While most horses recover from EIA, they become lifelong carriers of this disease and unfortunately there is no cure. Depending on the state where you live, if your horse becomes infected with EIA, regulations may require euthanasia, lifelong quarantine in a fly-proof environment or permanent identification denoting the horse as EIA positive.
In the Company of Cows
If cattle pastures are in your neighborhood, so might be face flies and horn flies. These pests lay their eggs in cow dung, not horse manure, and once the youngsters hatch, they make a beeline for nearby equines.
While the horn fly is a bloodsucker, the face fly isn’t. Instead, the face fly feeds on a horse’s eye secretions during daytime hours, causing discomfort and the potential for disease. For example, the face fly is a courier service for eye worms (Thelezia spp.). According to Dr. Moon, “Twenty percent or so of horses have worms residing in their tear ducts. The worms are really not causing much harm to the horse that we can see, but there’s a strong ‘eesh!’ factor.” The best way to avoid face flies and the worms they transport is to use fly masks.
The horn fly is a nasty biter, and will feed on horses pastured near cows, causing an itchy equine dermatitis. Controlling these pests involves staying away from pastured cows and using repellents designed to deter biting.
All in the Family
Mosquitoes are a big branch of the fly family tree, and among its most dangerous members. West Nile virus, Eastern equine encephalomyelitis (EEE), Western equine encephalomyelitis (WEE) and Venezuelan equine encephalomyelitis (VEE) are deadly diseases all transmitted by the mosquito.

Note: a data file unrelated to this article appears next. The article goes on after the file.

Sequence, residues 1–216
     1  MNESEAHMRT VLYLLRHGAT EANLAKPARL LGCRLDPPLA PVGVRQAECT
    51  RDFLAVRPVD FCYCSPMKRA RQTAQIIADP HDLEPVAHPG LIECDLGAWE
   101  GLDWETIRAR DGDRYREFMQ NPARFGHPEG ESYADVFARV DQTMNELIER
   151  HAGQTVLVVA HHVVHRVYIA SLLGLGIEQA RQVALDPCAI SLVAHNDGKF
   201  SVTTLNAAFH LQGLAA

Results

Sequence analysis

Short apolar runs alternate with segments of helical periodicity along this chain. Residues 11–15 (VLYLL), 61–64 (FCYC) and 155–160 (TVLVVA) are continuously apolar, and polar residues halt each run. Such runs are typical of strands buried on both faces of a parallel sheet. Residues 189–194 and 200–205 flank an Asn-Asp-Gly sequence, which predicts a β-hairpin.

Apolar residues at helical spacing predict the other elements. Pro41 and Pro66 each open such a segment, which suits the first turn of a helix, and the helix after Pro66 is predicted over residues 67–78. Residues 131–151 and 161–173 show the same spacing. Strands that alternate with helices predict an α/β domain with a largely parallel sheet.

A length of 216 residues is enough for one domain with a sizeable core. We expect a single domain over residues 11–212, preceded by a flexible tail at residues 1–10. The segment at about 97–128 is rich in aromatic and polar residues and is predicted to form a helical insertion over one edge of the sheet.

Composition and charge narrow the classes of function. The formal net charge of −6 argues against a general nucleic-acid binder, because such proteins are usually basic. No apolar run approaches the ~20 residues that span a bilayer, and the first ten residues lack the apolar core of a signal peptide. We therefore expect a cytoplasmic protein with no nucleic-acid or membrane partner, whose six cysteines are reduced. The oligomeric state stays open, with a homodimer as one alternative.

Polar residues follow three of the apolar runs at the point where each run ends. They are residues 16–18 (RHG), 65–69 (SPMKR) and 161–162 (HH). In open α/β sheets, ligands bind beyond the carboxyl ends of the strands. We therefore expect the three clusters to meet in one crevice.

Dr. Moon offers one word on preventing these diseases: “Vaccinate!” Of course there are things you can do to reduce mosquito populations on your facility.
“Mosquito larvae feed on decomposing organic material in still, shallow water. Clean water and flowing water are not a problem. On-premise mosquito control involves eliminating anything that can hold standing water for more than a week,” Dr. Moon says. “Dispose of tires and empty containers, dump standing water from kiddie pools, and clean water tanks on a regular basis. Turn over the water tank every week or two; brush and wash it out, then refill it.”
Not all mosquito species that carry disease are attracted to standing water, however, so again, vaccination is the safeguard. Various mosquito species have different feeding regimens as well, but most prefer dusk and early night snacking. “So when the sun starts to go down, bring the horses in and keep them behind mosquito screens,” Dr. Moon suggests.
Several companies manufacture mosquito repellents designed for use on horses, and premise sprays and traps are also available. If you have a small mosquito-attracting pond on your property, there are “dunks” available that kill mosquito larvae. Before employing this control tactic, however, make sure the product you choose is safe for horses, humans, fish and other friendly critters that congregate in or around your pond.
Flies in Disguise
The larvae that bot flies deposit on a horse’s body can cause him a great deal of internal damage. The adult horse bot fly, which is a non-biting, non-stinging, seemingly harmless fly that looks like a bumble bee, causes stomach bots in horses. Adult female bot flies “glue” their eggs on horse hairs, most commonly on a horse’s front legs, but also around the muzzle, and on the belly, shoulders and hind legs. Eggs hatch spontaneously without much ado, but when a horse licks his egg-infested legs or muzzle, problems begin. Bot fly larvae feed in the horse’s soft mouth tissue as well as his digestive tract. Removal of bot fly eggs from the horse before they hatch is helpful, but dewormers containing ivermectin or moxidectin can help knock out the ones that get missed. The adult flies are best controlled by repellents designed to target them.
Avoiding flies is no easy task, but the mission is not impossible. Good horsekeeping practices, including paying attention to when your horses are being attacked and then adjusting your fly prevention strategies, will maximize equine comfort and ensure good health all summer long.
This article originally appeared in the July 2006 issue of Horse Illustrated. Click here to subscribe.